Many times I have come across the word your. People use it instead of you are I guess so. Is it a mistake or has it another special meaning? Now I do not have the exact context but surely I will add it once I get.

  • Yes some context or an example would be nice. Otherwise, people are guessing what you mean.
    – user6951
    Feb 25 '15 at 17:26

When you see your used where you are is called for, what you are probably seeing is a mis-spelling of the contraction you’re.

This is a very common mistake, among native speakers as well as learners, because in many spoken dialects there is little or no difference between the pronunciations of your and you’re. In ‘textspeak’, the non-standard spelling employed colloquially in texting and on the internet, they are spelled identically: ur.

  • 1
    So next time I read that Abraham was from Ur of the Chaldeans, I should ask whether they mean Your of the Chaldeans or You Are of the Chaldeans.
    – Jay
    Feb 25 '15 at 14:42
  • @Jay You Are of the Chaldeans . but Ur of the Chaldeans in the Bible is a place, ur in this context is not an abbreviation.
    – MAKZ
    Feb 25 '15 at 16:46
  • I think it is customary to put a gap between u and r (u r) to mean you're.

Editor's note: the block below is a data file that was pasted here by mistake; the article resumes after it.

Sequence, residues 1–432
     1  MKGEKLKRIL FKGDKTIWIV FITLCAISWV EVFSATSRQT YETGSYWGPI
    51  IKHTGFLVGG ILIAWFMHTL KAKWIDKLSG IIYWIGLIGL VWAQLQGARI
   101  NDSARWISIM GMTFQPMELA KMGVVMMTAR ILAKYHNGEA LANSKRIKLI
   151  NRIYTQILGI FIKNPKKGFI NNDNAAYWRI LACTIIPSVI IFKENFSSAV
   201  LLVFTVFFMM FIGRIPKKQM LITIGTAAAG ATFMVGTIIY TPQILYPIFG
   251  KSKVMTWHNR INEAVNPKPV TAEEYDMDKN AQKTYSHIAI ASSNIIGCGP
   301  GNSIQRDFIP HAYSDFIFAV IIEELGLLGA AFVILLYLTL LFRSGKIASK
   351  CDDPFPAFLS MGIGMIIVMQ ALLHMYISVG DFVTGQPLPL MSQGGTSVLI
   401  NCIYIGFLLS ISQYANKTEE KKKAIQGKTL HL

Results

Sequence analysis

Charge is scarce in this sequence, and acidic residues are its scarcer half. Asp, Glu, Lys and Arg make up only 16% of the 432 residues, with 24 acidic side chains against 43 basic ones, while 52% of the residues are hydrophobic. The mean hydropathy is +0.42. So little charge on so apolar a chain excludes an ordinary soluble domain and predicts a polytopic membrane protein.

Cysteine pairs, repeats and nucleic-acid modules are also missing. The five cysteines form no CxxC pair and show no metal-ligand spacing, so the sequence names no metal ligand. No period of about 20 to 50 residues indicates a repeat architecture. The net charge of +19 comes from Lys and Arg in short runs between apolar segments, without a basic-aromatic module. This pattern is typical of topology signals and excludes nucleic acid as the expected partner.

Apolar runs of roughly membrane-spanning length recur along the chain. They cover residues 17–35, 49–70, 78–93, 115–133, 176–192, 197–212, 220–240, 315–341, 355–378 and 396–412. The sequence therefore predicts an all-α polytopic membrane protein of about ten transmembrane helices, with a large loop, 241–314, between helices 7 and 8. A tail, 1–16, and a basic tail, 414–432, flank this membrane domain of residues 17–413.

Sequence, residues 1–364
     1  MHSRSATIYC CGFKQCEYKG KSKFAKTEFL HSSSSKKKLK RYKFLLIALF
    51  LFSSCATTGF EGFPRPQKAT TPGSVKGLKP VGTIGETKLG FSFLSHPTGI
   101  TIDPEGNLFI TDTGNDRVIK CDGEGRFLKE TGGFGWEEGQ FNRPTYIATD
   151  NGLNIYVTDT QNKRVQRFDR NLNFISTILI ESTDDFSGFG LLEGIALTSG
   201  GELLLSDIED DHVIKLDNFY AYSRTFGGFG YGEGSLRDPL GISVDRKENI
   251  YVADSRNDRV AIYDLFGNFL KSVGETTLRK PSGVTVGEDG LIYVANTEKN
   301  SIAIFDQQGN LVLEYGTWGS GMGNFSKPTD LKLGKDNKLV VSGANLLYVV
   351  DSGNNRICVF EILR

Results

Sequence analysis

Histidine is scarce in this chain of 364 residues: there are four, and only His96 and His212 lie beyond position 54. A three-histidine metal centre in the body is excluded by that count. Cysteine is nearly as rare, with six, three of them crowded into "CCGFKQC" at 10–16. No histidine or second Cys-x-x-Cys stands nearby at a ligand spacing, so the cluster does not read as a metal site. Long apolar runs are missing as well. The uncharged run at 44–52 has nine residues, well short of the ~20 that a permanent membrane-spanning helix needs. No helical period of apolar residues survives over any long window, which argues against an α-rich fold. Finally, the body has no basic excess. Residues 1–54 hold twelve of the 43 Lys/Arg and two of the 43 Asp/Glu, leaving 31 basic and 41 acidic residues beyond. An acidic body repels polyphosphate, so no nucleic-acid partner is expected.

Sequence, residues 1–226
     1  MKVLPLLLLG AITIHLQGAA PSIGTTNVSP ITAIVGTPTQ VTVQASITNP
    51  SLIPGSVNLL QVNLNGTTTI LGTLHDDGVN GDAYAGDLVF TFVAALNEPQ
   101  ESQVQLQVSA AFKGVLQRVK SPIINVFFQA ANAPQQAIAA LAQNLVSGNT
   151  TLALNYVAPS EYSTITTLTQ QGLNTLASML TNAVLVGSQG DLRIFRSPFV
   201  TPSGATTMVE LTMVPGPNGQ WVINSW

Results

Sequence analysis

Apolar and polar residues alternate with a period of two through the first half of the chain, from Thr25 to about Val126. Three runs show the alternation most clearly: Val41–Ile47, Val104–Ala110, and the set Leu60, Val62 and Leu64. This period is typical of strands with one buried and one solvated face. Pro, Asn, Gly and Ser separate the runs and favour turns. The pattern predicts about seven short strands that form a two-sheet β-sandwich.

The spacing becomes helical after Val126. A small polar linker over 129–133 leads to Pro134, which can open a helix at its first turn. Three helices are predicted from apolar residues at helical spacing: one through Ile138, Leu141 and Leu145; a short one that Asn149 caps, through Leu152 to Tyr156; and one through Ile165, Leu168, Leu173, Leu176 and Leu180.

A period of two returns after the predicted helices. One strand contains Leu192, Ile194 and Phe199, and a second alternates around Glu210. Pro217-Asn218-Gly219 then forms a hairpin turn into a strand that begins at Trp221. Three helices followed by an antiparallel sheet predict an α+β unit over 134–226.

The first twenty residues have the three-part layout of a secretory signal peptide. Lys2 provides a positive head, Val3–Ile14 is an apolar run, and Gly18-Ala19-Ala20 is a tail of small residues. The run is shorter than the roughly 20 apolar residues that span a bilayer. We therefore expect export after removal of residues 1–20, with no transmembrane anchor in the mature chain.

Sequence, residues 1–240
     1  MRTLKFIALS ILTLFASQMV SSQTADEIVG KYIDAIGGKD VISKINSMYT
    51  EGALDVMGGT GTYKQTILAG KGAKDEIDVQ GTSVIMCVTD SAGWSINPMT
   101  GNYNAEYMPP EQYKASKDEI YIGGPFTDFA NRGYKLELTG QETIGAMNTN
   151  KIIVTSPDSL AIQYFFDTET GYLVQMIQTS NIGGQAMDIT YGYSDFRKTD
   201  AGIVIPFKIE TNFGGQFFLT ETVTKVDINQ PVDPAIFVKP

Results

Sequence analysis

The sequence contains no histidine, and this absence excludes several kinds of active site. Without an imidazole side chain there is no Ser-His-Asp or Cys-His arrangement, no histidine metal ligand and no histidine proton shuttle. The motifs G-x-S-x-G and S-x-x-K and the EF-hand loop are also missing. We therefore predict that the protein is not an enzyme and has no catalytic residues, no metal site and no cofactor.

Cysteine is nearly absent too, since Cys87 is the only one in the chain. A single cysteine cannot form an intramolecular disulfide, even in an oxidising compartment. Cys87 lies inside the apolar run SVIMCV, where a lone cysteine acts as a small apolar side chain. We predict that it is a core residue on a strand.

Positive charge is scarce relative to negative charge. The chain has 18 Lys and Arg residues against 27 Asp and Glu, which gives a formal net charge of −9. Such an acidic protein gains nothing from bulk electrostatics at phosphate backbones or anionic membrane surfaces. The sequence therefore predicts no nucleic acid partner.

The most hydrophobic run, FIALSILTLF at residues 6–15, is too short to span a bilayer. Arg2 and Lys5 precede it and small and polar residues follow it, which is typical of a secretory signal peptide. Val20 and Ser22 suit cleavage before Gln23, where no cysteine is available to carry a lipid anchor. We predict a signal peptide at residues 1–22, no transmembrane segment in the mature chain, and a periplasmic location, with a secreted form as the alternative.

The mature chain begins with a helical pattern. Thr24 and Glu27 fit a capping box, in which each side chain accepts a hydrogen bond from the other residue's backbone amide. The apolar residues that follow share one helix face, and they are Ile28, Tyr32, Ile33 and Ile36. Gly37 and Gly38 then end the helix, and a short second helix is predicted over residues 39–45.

– MAKZ
    Feb 25 '15 at 16:53
  • I think it's funny that we're (wer? wur? we r?) talking about the customary way to incorrectly spell things in text-speak.
    – DJMcMayhem
    Feb 25 '15 at 17:04
  • 2
    @DJMcMayhem People need to know the correct way to spell things incorrectly.
    – Jay
    Feb 25 '15 at 17:32

Very basic question and words are often found incorrectly used by non-natives (In India, I've come across many such examples).

If you read 'your' in place of 'you are' it is either plain wrong or you have misread it! [For example, on the internet, you also find loose weight that does not mean it's correct].

What you have read is You're which is a contraction of You are.

'Your' means something belonging to you and "you are" denotes you, yourself.

That is your you are car
You are your a girl.

  • 2
    Native speakers have problems with your and you're too.
    – user230
    Aug 19 '14 at 3:41
  • I have a hunch that native speakers make this error more often than non-native speakers. My idea is that it's rare to find a learner who learned English through reading and makes this kind of error. However, due to the popularity of autocorrect programs, I think this error could happen to anyone nowadays. Aug 19 '14 at 5:04
  • Just to quibble: "Loose weight" could be correct in the proper context. Like, "The scale came with a set of weights. Most of these had slots they fit securely into, but there was one loose weight."
    – Jay
    Feb 25 '15 at 14:45
  • I just saw a statement on another forum where the writer concluded, "Thank you for your patients." Which I guess could make sense if he was a doctor and another doctor had referred patients to him, but that wasn't the context.
    – Jay
    Feb 25 '15 at 14:47

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